Despite the CNPs being subjected to stressful periods at the beginning of the CCS year, the majority were satisfied with their work experience and found working with patients and their families to be satisfying. Du Plessis and Seekoe’s (2013) study found that nurses also experienced job satisfaction when they were appreciated and consulted by colleagues. Satisfaction with support and supervision was also rated highly by doctors and dentists in Hatcher et al.’s (2014) study. Halfer and Graf (2006) noted that satisfaction during the transition year for new graduates was a positive factor that could be related to the period of adjustment whilst Casey et al. (2004) found that new nurses take six to 12 months to adjust to their new role. Experiencing satisfaction during CCS could improve the retention of nurses, which is one of its objectives (Hatcher et al. 2014).

Although CNPs felt confident in carrying out patient care activities; many felt overwhelmed by the responsibilities of patient care. The role expectations and workload of newly- qualified nurses have been highlighted by Duchsher (2009) as reasons for early resignations. Thopola et al.’s (2013) study in Gauteng found that CNPs engaged in CCS carried heavy workloads, with limited orientation and support. The workload difficulties experienced by the participants were similar to what Kramer describes as reality shock (Kramer 1974, as cited in Halfer & Graf 2006), which new workers experience in spite of spending many years preparing for the work they would eventually perform.

The negative experiences of the participants can be related to Dyess and Sherman’s (2009) study where nurses reported numerous instances of feeling utterly alone, influencing feelings of professional isolation. Confusion regarding CNPs’ role was one of the areas of concern noted by Tsotetsi (2012). As specified in Regulation 765 of 15 February 1985 (SANC 2007), the CNP follows the scope of practice of a professional nurse; until clearly specified for this category, role confusion will continue to be a dilemma for CNPs.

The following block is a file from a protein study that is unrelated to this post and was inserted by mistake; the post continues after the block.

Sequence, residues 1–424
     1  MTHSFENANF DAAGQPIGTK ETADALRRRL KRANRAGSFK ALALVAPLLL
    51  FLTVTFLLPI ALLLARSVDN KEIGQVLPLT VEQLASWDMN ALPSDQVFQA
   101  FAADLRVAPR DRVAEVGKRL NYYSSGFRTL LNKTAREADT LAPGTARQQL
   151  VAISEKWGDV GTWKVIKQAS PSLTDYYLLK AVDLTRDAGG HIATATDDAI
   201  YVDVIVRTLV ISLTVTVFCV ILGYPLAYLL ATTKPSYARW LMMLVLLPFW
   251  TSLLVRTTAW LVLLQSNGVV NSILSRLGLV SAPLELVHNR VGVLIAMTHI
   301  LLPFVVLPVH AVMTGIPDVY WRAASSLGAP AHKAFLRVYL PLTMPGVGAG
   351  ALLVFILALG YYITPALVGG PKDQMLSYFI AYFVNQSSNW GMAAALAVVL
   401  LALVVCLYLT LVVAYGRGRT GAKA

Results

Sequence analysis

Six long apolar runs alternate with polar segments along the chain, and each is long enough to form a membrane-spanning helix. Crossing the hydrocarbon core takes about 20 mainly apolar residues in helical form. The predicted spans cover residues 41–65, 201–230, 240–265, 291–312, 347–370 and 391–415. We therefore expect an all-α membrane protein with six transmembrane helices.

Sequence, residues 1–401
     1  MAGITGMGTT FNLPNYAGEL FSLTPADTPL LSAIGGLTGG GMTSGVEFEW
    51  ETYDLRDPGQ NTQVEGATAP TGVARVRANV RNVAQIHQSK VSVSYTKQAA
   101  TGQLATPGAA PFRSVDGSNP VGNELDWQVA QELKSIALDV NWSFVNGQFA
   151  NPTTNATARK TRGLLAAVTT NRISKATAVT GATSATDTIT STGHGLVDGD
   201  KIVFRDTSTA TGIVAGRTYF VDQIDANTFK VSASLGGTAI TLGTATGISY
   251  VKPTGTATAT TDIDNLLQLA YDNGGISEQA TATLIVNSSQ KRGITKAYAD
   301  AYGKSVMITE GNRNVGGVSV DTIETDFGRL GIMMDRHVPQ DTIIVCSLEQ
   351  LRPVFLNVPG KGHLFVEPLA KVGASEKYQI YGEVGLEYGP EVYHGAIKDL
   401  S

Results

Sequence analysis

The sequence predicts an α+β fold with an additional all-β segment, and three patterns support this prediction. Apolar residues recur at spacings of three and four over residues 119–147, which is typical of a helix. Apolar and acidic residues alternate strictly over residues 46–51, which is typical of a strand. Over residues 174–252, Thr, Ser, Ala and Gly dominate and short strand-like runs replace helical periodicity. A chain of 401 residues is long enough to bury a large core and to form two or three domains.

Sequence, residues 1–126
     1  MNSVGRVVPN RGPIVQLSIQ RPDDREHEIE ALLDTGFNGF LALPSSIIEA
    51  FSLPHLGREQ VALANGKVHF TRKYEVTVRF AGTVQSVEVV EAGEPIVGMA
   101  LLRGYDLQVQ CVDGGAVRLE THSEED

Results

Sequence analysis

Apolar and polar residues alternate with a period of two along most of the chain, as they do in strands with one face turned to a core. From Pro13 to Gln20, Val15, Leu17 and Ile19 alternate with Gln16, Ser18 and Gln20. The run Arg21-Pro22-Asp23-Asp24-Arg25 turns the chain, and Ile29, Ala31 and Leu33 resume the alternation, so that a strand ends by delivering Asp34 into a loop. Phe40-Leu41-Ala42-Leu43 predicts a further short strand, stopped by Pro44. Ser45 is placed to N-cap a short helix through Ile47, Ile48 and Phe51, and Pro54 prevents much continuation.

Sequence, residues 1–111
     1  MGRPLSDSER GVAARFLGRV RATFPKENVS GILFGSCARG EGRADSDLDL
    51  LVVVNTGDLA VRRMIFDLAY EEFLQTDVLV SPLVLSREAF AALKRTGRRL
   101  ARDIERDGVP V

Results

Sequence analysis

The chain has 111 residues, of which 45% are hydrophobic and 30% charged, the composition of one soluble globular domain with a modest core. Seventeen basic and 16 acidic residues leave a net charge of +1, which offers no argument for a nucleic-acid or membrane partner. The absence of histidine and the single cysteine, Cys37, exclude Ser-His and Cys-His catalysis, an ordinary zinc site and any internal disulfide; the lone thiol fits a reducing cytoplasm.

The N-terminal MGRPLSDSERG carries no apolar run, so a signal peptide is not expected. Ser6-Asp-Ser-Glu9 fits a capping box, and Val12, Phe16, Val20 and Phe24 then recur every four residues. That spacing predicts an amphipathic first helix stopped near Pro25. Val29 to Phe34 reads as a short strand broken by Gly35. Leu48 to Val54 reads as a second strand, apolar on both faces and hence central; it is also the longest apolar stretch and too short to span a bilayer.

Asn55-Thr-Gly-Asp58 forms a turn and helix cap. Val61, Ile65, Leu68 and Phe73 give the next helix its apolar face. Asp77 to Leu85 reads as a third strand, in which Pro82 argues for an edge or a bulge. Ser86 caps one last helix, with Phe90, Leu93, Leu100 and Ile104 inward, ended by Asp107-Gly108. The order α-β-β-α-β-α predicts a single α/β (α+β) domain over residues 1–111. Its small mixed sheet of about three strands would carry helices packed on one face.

Limitations of this study

This study only reports on the perceptions of CNPs in the KZN province and can therefore only be generalised to CNPs in this province.


The following recommendations emanate from the results:

  • Guidelines for orientation of the CNP at the beginning of CCS need to be standardised to enable the adjustment from student to CNP and to ensure other nurses are aware of what is expected from the CNPs.
  • A job description should be developed for CNPs; this should differ from that of registered nurses and should be made available to all staff.
  • A structured mentorship programme should be established to help guide them during their CCS.

CCS has been well accepted by the CNPs that participated in this study; these results could be generalised to CNPs in KZN. The objectives of the CCS year to consolidate the skills and competence of professionals appear to be partially achieved. This is attributed to the varying levels of support offered to CNPs. The objective of providing resources to underserved areas also appears to have been achieved as 50% of the participants were allocated to rural areas. The participants’ negative experiences should, however, be taken into consideration when supporting CNPs.


The researchers are grateful to the participating CNPs and the KZN DOH for permission to undertake the study.

Competing interests

The authors declare that they have no financial or personal relationship(s) that may have inappropriately influenced them in writing this article.

Authors’ contributions

S.G. (Durban University of Technology; PhD student at University of KwaZulu-Natal) was the researcher, P.B. (University of KwaZulu-Natal) was supervisor and B.B. (University of KwaZulu-Natal) was co-supervisor. Both supervisors gave input to revisions and approval of the manuscript.


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Crossref Citations

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Health SA Gesondheid  vol: 23  year: 2018  
doi: 10.4102/hsag.v23i0.1166